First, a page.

Neocolonialists and Immigration

 

Mark Steyn made a fascinating observation recently, as he is wont to do. Referring to “neocolonial condescension” in comparison with the supposed condescension of Western colonialism, Steyn noted a similar attitude among people who think all the world should be eagerly welcomed as immigrants into our great nation.

A century ago, a proud imperialist would claim the citizens of poor and war-torn nations would benefit from the Anglosphere’s legal, moral, and political examples. By imposing these models, or at least arguing for their adoption in foreign societies, Western citizens sought to aid poor peoples by exporting a superior culture.

This idea horrifies a modern multiculturalist, who denies that one culture can be objectively judged better than others (except when denigrating one’s own culture and eagerly latching on to foreign curiosities). But the presumption of cultural superiority is echoed in modern immigration arguments.

Today, rather than exporting a superior way of life, Westerners want to import anyone and everyone not already here to enjoy it. The presumption is that poor foreigners are incapable of manifesting peace and prosperity in their home countries. To want good lives for them is to remove them from the “rat-holes” they were born in and ship them en masse to our own shores.

It’s colonialism in reverse. Don’t try to make more nations of the world healthy and wealthy and wise like the good ole USA. Just get as many people as you can out of those nations… because those places are surely doomed.

To truly respect people is to place demands upon their behavior. The proper focus is to improve the world, not to concentrate people wherever is doing best at the moment.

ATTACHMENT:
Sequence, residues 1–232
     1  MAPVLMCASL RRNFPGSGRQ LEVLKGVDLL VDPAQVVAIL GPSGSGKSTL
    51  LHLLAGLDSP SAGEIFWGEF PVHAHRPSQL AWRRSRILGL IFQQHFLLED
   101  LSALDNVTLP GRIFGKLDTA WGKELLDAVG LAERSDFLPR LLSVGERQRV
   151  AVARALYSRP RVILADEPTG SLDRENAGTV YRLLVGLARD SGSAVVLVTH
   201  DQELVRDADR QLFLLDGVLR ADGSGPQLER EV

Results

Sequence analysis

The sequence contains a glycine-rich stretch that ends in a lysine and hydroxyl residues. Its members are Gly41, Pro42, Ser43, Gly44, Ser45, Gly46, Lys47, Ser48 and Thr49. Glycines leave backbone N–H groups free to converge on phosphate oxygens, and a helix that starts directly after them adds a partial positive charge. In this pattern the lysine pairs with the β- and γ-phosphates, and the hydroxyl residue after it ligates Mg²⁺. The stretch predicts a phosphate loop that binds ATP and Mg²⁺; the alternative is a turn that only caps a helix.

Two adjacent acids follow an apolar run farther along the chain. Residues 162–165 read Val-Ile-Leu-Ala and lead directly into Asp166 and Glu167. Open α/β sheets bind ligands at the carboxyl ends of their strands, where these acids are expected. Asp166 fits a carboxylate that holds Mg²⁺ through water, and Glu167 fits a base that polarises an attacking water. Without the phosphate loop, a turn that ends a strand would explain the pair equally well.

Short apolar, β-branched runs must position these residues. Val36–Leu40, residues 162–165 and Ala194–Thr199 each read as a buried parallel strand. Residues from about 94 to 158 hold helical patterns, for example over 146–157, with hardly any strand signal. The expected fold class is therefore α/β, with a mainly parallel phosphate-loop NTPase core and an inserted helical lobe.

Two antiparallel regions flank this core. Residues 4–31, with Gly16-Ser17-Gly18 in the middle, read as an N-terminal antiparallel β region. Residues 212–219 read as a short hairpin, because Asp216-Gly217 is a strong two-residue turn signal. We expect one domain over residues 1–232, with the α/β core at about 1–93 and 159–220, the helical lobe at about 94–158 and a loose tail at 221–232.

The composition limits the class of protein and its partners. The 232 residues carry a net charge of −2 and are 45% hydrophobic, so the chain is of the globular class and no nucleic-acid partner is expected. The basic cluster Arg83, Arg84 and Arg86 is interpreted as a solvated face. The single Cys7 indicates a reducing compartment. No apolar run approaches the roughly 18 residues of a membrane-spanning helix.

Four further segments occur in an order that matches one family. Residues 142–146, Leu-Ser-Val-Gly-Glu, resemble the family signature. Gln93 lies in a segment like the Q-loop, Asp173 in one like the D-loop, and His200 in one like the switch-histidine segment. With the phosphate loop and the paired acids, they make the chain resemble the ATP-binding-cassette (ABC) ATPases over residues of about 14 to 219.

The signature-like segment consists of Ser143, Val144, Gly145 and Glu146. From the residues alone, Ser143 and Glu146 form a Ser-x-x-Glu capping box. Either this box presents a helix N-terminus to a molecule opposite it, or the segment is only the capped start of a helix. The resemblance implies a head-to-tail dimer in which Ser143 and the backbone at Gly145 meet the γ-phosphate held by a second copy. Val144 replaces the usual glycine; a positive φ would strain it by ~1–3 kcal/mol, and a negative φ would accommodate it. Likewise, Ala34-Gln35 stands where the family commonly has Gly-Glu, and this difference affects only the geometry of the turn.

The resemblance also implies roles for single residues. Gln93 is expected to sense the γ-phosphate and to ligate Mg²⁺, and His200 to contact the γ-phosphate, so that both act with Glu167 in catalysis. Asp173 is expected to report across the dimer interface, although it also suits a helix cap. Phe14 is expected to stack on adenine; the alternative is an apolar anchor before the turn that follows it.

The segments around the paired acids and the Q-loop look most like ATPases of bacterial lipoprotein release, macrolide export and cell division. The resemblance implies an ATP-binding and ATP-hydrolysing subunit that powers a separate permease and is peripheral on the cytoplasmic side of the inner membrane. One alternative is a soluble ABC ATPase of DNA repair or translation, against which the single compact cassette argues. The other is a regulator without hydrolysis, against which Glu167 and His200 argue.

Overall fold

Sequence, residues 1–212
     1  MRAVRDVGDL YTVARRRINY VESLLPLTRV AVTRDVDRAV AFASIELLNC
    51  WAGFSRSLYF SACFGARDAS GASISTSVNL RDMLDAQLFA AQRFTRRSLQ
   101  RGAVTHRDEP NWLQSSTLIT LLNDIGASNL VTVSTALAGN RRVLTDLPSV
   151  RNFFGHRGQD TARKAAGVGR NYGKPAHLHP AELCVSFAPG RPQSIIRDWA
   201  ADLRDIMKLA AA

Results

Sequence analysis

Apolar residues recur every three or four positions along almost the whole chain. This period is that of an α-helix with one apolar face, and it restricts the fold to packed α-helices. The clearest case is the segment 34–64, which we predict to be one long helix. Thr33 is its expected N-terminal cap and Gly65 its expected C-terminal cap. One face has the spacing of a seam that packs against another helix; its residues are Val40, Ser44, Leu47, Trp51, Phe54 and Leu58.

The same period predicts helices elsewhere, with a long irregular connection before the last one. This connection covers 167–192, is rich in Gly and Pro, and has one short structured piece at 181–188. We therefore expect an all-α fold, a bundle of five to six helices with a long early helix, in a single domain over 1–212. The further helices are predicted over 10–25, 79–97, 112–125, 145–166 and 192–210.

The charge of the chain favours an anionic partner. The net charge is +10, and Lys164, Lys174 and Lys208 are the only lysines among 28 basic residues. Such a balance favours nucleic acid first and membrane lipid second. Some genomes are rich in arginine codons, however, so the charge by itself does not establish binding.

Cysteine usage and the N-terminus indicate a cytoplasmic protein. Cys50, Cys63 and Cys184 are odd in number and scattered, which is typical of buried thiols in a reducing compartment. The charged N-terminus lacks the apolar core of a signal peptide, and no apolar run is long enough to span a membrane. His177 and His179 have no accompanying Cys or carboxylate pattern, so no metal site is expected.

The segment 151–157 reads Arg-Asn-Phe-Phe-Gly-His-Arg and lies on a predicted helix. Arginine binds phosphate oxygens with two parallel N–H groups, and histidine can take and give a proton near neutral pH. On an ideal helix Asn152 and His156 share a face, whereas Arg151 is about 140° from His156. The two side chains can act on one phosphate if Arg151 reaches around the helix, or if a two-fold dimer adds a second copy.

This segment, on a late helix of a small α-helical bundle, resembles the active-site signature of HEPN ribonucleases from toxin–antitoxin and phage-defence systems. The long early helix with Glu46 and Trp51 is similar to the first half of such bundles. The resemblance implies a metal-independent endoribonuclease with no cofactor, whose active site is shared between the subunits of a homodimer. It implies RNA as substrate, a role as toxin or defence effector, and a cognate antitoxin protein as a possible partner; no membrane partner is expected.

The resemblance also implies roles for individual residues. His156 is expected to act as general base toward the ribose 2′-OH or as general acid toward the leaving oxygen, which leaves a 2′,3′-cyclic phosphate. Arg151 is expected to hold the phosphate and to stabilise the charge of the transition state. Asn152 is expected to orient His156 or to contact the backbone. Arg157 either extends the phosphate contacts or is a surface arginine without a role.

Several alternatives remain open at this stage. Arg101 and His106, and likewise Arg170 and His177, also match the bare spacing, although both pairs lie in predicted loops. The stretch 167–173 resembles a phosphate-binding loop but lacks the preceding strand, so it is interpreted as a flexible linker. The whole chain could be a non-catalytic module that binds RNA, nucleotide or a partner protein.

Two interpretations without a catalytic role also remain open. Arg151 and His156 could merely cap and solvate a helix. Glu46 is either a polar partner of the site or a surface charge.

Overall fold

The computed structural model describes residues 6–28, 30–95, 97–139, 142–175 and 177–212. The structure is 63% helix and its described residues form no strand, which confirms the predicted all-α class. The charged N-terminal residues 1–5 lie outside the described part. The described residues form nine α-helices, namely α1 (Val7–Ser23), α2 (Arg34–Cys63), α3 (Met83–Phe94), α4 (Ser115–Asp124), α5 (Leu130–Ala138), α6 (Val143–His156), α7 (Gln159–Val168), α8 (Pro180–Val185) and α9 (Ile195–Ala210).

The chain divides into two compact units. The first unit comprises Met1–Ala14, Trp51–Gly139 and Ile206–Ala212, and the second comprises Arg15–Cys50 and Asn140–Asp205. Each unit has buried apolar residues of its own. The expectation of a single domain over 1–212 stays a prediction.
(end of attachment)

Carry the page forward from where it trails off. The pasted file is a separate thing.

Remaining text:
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There are 31 comments.

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  1. MarciN Member

    Aaron Miller:This idea horrifies a modern multiculturalist, who denies that one culture can be objectively judged better than others (except when denigrating one’s own culture and eagerly latching on to foreign curiosities). But the presumption of cultural superiority is echoed in modern immigration arguments.

    Today, rather than exporting a superior way of life, Westerners want to import anyone and everyone not already here to enjoy it. The presumption is that poor foreigners are incapable of manifesting peace and prosperity in their home countries. To want good lives for them is to remove them from the “rat-holes” they were born in and ship them en masse to our own shores.

    Yes, and this is going to come back and bite us in the future. I can hear it now . . .

    • #1
    • January 19, 2018, at 3:55 PM PDT
    • 2 likes
  2. Jimmy Carter Member

    I’ve stated for a long time now that if other nations were serious about Their plight and want to do something about it the solution is simple: be like America. We figured it out.

    We’ve even written the directions on how to do it for all to see. If They ain’t got interwebs, then We’ll mail it to ’em. If They ain’t got postal delivery, then We’ll send smoke signals.

    Imperialism wouldn’t work. If You want change, the change must start from within. If They don’t want to be like America, then They can wallow in Their inferiority.

    I would be more than willing to take millions of immigrants if only They would assimilate and become Americans while checking Their s-hole culture at the door.

    • #2
    • January 19, 2018, at 4:32 PM PDT
    • 8 likes
  3. Vectorman Thatcher

    Aaron Miller: Don’t try to make more nations of the world healthy and wealthy and wise like the good ole USA. Just get as many people as you can out of those nations… because those places are surely doomed.

    Colonialism lifted these nations out of abject poverty into something slightly better. Great article about where we are now getting our immigrants, unlike before 1965. As the Instapundit would say, read the whole thing: What I Learned in the Peace Corps. From the article:

    So here in the States, when we discovered that my 98-year-old father’s Muslim health aide from Nigeria had stolen his clothes and wasn’t bathing him, I wasn’t surprised. It was familiar.

    ….

    We think the Protestant work ethic is universal. It’s not. My town was full of young men doing nothing. They were waiting for a government job. There was no private enterprise. Private business was not illegal, just impossible, given the nightmare of a third-world bureaucratic kleptocracy.

    • #3
    • January 19, 2018, at 5:03 PM PDT
    • 9 likes
  4. Doug Kimball Member